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From Middle English manerly, equivalent to manner +‎ -ly.



mannerly (comparative more mannerly, superlative most mannerly)

  1. Polite, having good manners.
    • c. 1590–1591 (date written), William Shakespeare, “The Two Gentlemen of Verona”, in Mr. William Shakespeares Comedies, Histories, & Tragedies [] (First Folio), London: [] Isaac Iaggard, and Ed[ward] Blount, published 1623, →OCLC, (please specify the act number in uppercase Roman numerals, and the scene number in lowercase Roman numerals):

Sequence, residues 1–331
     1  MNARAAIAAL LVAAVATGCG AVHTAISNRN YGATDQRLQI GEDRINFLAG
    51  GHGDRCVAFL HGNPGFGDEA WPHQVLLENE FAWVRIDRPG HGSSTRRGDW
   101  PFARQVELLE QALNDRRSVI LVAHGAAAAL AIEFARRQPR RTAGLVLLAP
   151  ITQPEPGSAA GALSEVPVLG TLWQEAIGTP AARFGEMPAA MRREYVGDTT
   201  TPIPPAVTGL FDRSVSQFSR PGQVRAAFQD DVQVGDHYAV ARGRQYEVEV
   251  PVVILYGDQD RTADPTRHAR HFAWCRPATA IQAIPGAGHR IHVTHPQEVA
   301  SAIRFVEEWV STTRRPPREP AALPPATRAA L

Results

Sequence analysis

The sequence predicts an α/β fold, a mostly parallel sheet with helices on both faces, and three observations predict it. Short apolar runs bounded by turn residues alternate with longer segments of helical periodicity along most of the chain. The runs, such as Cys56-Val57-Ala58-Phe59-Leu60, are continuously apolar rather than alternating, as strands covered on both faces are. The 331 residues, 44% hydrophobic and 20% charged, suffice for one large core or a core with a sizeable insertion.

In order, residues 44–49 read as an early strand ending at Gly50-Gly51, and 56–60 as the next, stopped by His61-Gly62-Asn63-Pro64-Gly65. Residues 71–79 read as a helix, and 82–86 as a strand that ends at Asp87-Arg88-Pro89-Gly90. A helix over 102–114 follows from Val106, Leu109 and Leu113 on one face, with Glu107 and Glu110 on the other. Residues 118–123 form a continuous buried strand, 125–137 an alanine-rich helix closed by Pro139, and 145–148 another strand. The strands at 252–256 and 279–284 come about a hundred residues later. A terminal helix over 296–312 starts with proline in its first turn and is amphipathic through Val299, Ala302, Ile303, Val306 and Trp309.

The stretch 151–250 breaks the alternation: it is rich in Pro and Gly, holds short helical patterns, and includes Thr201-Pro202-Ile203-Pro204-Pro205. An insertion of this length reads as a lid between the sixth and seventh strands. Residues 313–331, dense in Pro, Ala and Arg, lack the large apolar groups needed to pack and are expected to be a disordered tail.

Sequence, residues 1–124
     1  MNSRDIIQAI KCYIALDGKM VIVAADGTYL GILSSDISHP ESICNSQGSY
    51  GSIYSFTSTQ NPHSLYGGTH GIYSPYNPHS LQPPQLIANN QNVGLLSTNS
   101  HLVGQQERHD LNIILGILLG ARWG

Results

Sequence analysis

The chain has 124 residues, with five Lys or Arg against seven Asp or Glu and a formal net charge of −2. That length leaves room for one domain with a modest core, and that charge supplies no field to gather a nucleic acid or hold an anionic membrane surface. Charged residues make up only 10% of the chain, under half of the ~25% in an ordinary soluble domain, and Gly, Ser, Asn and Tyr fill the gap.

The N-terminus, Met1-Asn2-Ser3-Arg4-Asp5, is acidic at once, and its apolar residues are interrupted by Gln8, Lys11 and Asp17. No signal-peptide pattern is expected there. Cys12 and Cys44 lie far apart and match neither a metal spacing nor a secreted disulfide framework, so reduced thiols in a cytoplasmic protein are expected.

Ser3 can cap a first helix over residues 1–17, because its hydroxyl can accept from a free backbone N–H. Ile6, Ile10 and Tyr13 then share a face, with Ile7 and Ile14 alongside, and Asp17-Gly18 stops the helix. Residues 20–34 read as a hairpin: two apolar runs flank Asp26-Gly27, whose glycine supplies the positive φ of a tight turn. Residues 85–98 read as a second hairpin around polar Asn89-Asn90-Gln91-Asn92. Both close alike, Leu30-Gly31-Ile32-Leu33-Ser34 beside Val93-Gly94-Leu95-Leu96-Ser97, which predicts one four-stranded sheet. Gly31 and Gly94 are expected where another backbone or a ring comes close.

Lucetta, as thou lov'st me, let me have / What thou think'st meet, and is most mannerly.
    • 1861, Charlotte Yonge, The Young Step-Mother
      ...but Genevieve's laugh roused her again, partly because she thought it less mannerly than accorded with the girl's usual politeness.

Derived terms[edit]


mannerly (comparative more mannerly, superlative most mannerly)

  1. Politely; with good manners.